As Ashmead moved on, from Doubleday to Simon & Shuster, then to Harper & Row, Siddons followed, writing a horror story, The House Next Door, which Stephen King described as a prime example of "the new American Gothic," and then Fox's Earth and Homeplace, about the loss of a beloved home.

It was in 1988, with the publication of her fifth book, the best-selling Peachtree Road, that Siddons graduated to real commercial success. Described by her friend and peer, Pat Conroy, as "the Southern novel for our generation." With almost a million copies in print, Peachtree Road ushered Siddons onto the literary fast track. Since then the novels have been coming steadily, about one each year, with her readership and writer's fees increasing commensurately. In 1992 she received $3.25 million from HarperCollins for a three book deal, and then, in 1994, HarperCollins gave Siddons $13 million for a four book deal.

Now, she and her Heyward shuttle between a sprawling home in Brookhaven, Atlanta, and their summer home in Brooklin, Maine. She finds Down East, "such a relief after the old dark morass of the South. It's like getting a gulp of clean air...I always feel in Maine like I'm walking on the surface of the earth. In the South, I always feel like I'm knee-deep." But she still remains tied to her home in the South, where she does most of her writing. Each morning, Siddons dresses, puts on her makeup and then heads out to the backyard cottage that serves as her office. And each night, she and her husband edit the day's work by reading it aloud over evening cocktails.

Siddons' success has naturally brought comparisons with another great Southern writer, Margaret Mitchell, but Siddons insists that the South she writes about is not the romanticized version found in Gone With the Wind. Instead, her relationship with the South is loving, but realistic. "It's like an old marriage or a long marriage. The commitment is absolute, but the romance has long since worn off...I want to write about it as it really is: I don't want to romanticize it."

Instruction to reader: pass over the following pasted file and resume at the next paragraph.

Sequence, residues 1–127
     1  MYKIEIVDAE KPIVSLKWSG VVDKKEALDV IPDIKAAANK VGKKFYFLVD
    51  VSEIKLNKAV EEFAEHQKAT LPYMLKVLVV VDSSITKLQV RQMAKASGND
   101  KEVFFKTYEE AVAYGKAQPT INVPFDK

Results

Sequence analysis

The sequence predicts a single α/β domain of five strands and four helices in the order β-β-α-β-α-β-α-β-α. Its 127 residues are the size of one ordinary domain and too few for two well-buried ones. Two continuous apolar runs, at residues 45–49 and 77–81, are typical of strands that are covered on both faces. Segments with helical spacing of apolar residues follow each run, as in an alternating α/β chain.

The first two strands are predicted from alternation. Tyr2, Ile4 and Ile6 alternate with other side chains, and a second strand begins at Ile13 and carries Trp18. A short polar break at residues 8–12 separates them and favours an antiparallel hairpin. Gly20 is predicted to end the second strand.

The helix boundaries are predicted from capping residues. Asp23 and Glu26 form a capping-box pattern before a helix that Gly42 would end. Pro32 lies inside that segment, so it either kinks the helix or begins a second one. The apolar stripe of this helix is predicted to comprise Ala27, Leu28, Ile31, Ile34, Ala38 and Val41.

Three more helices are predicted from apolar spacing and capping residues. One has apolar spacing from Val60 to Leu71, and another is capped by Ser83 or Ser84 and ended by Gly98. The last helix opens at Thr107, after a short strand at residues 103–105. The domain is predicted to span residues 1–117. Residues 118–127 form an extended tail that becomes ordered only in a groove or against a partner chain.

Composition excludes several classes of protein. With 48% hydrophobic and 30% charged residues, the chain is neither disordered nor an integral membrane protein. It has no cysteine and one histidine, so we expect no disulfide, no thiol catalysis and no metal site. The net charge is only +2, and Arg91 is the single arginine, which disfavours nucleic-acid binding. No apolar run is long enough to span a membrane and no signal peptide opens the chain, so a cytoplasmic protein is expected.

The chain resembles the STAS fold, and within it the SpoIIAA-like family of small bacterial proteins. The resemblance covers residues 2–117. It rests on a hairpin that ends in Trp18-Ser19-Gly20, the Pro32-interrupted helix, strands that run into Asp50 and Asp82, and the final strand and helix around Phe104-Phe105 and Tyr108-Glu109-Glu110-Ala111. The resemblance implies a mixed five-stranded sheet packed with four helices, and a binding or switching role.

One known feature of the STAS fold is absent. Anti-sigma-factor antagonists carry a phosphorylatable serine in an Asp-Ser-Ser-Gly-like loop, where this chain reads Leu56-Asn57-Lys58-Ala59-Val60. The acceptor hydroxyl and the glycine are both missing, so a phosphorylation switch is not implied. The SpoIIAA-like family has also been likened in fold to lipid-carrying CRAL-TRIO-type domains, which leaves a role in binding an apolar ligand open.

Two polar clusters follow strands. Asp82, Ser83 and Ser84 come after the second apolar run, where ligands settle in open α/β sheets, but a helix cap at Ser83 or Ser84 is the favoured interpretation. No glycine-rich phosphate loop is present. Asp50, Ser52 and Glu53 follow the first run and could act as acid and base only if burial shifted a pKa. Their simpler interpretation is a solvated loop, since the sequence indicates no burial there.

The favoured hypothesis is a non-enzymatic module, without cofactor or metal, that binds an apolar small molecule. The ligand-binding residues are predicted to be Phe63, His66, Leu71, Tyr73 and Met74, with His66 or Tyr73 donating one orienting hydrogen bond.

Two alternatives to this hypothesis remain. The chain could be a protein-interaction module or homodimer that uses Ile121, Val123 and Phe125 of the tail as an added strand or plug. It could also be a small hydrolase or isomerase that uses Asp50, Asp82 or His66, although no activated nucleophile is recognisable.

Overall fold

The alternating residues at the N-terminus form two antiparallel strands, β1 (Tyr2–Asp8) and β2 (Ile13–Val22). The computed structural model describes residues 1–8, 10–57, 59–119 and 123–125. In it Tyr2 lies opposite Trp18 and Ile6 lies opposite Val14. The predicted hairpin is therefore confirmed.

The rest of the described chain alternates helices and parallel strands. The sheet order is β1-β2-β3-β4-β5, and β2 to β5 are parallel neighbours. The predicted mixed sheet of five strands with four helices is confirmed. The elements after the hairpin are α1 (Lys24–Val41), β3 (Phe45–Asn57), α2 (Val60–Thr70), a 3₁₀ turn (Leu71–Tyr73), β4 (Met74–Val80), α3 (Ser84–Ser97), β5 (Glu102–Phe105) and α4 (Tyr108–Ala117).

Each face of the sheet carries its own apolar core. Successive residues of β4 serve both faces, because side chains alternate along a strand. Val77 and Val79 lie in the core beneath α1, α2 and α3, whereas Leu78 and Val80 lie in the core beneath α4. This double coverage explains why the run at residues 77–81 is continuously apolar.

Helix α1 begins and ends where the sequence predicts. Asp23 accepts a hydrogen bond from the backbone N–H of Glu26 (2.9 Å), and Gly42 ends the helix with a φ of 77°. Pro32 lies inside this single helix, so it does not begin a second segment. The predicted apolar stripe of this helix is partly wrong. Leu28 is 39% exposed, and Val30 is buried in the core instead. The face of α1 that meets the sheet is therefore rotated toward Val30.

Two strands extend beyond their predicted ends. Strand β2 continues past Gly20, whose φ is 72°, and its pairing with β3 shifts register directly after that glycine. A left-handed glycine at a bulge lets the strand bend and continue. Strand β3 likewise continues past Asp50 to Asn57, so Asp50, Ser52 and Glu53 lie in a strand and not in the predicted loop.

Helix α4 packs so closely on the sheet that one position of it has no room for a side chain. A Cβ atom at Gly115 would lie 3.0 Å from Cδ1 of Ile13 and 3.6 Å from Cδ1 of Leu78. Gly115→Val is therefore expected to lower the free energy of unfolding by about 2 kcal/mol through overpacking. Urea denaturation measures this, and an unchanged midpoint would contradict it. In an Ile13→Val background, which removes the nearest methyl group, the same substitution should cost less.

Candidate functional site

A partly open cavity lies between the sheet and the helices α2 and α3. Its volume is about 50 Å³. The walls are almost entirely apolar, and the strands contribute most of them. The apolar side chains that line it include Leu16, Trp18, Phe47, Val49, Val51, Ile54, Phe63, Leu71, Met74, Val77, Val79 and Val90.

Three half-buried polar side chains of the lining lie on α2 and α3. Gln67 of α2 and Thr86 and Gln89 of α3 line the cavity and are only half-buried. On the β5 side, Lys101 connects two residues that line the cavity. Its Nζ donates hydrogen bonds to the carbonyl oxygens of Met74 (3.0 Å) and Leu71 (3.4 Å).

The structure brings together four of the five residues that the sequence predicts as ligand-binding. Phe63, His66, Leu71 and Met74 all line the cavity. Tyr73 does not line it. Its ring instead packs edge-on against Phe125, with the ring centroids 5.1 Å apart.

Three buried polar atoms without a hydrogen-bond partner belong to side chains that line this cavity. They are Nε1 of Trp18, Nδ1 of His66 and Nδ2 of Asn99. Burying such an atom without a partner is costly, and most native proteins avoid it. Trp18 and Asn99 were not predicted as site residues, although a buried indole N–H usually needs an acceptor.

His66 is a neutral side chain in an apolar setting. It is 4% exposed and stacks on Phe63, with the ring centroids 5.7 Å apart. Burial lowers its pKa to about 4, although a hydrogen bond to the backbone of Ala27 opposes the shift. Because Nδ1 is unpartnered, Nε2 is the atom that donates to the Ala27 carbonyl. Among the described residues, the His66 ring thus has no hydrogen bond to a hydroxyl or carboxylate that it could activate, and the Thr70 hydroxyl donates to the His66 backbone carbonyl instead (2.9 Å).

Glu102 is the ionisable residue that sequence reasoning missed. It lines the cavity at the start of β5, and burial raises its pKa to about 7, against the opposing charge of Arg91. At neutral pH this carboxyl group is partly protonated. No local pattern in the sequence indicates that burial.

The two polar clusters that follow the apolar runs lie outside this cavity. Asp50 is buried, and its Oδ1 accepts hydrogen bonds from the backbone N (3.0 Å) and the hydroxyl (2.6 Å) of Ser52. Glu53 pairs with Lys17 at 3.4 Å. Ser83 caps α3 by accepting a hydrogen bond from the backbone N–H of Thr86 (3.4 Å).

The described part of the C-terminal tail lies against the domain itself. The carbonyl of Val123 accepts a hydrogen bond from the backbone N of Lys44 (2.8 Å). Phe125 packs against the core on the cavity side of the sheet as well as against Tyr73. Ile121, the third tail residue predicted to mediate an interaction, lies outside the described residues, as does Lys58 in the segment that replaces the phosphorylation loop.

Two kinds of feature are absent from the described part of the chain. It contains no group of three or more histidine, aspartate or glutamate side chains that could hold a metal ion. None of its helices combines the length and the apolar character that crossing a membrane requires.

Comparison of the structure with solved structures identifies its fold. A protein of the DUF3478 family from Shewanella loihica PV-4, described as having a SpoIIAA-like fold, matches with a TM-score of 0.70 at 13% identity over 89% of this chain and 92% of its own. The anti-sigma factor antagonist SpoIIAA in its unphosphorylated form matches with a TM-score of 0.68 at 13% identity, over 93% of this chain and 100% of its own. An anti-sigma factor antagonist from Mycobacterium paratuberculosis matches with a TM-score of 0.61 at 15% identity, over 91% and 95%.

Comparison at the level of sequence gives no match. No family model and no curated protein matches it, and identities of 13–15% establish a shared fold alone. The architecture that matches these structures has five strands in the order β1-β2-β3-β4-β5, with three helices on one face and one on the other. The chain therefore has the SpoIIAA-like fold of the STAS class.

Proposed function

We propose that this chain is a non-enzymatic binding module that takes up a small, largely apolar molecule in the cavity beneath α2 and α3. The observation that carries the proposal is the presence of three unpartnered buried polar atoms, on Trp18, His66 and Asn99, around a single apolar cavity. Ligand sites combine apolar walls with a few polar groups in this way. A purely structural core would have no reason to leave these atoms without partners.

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Editorial Reviews

Donna Seaman
Best-seller Siddons' novels typically focus on the struggle of a southern gal trying to make it in an alien realm. While her latest novel fits this pattern, it ultimately transcends it, as Siddons pushes herself to new heights of intensity and resonance. This complex tour de force begins on a spellbound mountain in Tennessee where Cat's grief over the bizarre death of her parents evolves into a chronic fear of travel. She is unable to leave her mountain sanctuary, a circumstance Joe, her professor husband, seems to fully accept until their brave, blind daughter goes off to college. Inspired, if not shamed, by her daughter, Cat finally confronts her illness and, after therapy, agrees to accompany Joe on an ambitious Italian tour. Their insular marriage will never be the same. Classic innocents abroad, they end up as guests, and pawns, of the Forrests. Sexy, selfish Sam is a world-famous painter; Ada, exquisite and ruthless, is more manager than wife. As Cat lets Sam paint her portrait, altering her sense of her self, and Joe is addled by Ada, they are further discombobulated by the heady atmospheres of Rome, Venice, and the hill towns of Tuscany. Siddons is keenly attuned to the power of these fabled locales and brilliantly describes them as bewitched and perversely saturated with both beauty and death. As Cat struggles against manipulation and deceit, she casts off the chrysalis of her fear, bringing this evocative, intelligent, and classy tale to a grand crescendo.
Kirkus Reviews
Siddons' last big commercial outing (Colony, 1992) was built along a New England-Southern axis. This time, she creates a passel of characters her fans will find reassuringly familiar, and then sends them far out of their ken—to Italy. Catherine Compton—a true Siddons woman in that she can whine engagingly—is from a tiny college town in Tennessee and has a macabre background: her mom and dad died while making love on a bridge. As a result, Cat grows up agoraphobic, refusing to leave the safe, idyllic little world of Trinity College, where her handsome Yankee husband, Joe Gaillard, teaches English. But when Joe's prot‚g‚, Colin Gerard, plans to get married in Italy, Cat faces her fears, books a flight, and—under the light of an Italian sun—finds everything different. Above all, Joe has a midlife crisis, sparked by the loss of his luggage and fanned by Ada Forrest, the wife of famous painter whom the Gaillards meet in Rome. Meanwhile, Sam Forrest takes a shine to Cat; her "snub, narrow Renaissance look" inspires him artistically, not to mention romantically. The two couples join the newlyweds on a honeymoon stomp across the boot, slurping bellinis at Florian's in Venice, marveling over Michelangelo's David in Florence, and finally holing up at a villa outside Siena. There, Sam reveals the portrait of Cat he's been working on, which portrays her as St. Theresa—though in sexual, not religious ecstasy. Joe is not amused, but the Gaillards will work things out before they head back to Tennessee, with their horizons expanded. Siddons's theme is the moral and psychological ambiguity that arises from American contact with the European other. Henry James did itbetter—with a whole lot more subtlety—but, still, Siddons's tried-and-true fans will be pleased. (First printing of 200,000; Literary Guild Dual Selection for September)